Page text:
The World Anti-Doping Code 2003--consequences for physicians associated with elite athletes

Int J Sports Med. 2005 Apr;26(3):238-43. doi: 10.1055/s-2004-830545.

Abstract

The purpose of the World Anti-Doping Code 2003 and the 2004 Prohibited List is to create a universal international standard to fight doping in competitive sports. The result of this is a whole series of changes for doctors with regard to their work with competitive athletes. The revised definition of doping now includes physicians in the group of persons who can fulfil the elements of a doping offence. Moreover, the mere possession of substances appearing on the Prohibited List represents a violation of anti-doping regulations. The 2004 Prohibited List includes several changes to the Olympic Movement List from 2003. Caffeine, for example, was removed from the list. Cannabinoids, on the other hand, are now prohibited in competition for all sports. The same is true for all forms of glucocorticosteroids. Therapeutic use exemptions in an abbreviated process are possible for the administration of glucocorticosteroids by non-systemic routes, as well as inhalative therapy with the beta-2-agonists formoterol, salbutamol, salmeterol, and termbutalin. In other cases, a therapeutic use exemption is possible using a standard application process. Further changes will become effective in the 2005 Prohibited List. In 2005, it is essential that beta-2-agonists are prohibited in and out of competition. HCG and LH are prohibited for all athletes. Dermatological preparations of glucocorticosteroids are no longer prohibited, and intravenous infusions will be a prohibited method in 2005, except as a legitimate acute medical treatment. In cases of violations of anti-doping regulations where it is permissible for the affected person to furnish proof of exoneration, the burden of proof is not higher than that required to prove the violation. The sanctions provided for in the World Anti-Doping Code follow a principle of rules and exceptions which at first glance seems difficult to understand. In the case of doping violations by physicians, the anti-doping code provides--as a general rule--for exclusion from sports associations for at least four years. Since several of the changes are questionable under constitutional aspects, it remains to be seen whether the World Anti-Doping Code 2003 will allow the achievement of a universal standard to combat doping.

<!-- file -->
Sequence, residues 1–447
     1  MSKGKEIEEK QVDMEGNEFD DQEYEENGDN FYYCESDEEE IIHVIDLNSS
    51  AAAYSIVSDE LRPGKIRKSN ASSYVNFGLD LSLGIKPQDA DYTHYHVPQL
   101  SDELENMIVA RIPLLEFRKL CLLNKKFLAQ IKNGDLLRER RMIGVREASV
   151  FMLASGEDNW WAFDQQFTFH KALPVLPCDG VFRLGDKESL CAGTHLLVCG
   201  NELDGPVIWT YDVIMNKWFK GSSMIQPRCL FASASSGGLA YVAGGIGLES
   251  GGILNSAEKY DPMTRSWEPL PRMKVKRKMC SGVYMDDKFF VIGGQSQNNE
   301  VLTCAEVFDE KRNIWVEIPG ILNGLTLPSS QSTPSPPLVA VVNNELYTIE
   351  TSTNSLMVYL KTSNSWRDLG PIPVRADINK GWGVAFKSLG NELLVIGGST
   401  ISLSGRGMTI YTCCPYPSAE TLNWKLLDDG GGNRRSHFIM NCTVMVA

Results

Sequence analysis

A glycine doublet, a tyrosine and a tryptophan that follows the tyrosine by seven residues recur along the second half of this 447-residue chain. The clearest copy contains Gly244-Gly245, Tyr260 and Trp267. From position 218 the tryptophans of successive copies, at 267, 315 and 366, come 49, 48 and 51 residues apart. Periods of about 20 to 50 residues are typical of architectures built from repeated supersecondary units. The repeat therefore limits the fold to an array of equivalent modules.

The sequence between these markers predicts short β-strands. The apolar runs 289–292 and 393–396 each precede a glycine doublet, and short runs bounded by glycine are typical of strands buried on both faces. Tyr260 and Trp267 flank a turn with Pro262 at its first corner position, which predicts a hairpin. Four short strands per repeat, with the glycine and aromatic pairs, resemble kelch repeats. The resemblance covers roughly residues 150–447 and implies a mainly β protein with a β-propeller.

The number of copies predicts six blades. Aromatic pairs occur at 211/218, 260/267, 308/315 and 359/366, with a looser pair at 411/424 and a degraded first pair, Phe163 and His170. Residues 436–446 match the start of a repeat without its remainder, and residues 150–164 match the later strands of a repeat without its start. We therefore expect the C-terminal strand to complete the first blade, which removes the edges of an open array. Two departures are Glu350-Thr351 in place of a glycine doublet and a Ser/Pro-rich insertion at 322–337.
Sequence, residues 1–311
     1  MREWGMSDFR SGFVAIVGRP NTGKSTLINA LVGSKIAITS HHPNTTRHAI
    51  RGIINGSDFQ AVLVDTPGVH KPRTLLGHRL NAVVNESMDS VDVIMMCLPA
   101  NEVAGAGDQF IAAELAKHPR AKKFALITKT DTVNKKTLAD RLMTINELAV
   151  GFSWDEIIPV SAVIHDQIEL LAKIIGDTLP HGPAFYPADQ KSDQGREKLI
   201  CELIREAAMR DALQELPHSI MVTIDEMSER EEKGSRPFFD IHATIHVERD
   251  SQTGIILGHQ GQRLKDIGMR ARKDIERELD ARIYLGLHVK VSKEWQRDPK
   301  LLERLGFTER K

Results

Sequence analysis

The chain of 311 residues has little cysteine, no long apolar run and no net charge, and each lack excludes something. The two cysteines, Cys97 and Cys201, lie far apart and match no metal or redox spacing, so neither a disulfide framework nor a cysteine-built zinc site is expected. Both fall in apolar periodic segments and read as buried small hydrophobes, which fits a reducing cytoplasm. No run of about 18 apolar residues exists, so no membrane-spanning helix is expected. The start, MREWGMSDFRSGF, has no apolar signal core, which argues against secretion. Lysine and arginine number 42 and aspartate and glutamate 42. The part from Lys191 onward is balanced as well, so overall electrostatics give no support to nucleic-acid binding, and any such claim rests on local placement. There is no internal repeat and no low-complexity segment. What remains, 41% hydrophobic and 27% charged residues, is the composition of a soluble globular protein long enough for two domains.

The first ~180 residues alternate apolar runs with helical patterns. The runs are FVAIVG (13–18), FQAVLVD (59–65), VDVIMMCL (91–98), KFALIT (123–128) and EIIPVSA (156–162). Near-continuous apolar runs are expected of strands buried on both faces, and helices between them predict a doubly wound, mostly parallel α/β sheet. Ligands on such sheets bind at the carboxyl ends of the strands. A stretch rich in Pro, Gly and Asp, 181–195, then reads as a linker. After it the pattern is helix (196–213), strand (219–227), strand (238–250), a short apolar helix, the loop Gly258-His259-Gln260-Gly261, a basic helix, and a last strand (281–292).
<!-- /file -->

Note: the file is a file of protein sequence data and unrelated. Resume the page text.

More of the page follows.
MeSH terms

  • Adrenergic beta-Agonists / therapeutic use
  • Albuterol / analogs & derivatives*
  • Albuterol / therapeutic use
  • Competitive Behavior
  • Doping in Sports / prevention & control*
  • Ethanolamines / therapeutic use
  • Formoterol Fumarate
  • Glucocorticoids / therapeutic use*
  • Humans
  • Physician's Role*
  • Practice Guidelines as Topic*
  • Salmeterol Xinafoate
  • Sports / standards*

Substances

  • Adrenergic beta-Agonists
  • Ethanolamines
  • Glucocorticoids
  • Salmeterol Xinafoate
  • Albuterol
  • Formoterol Fumarate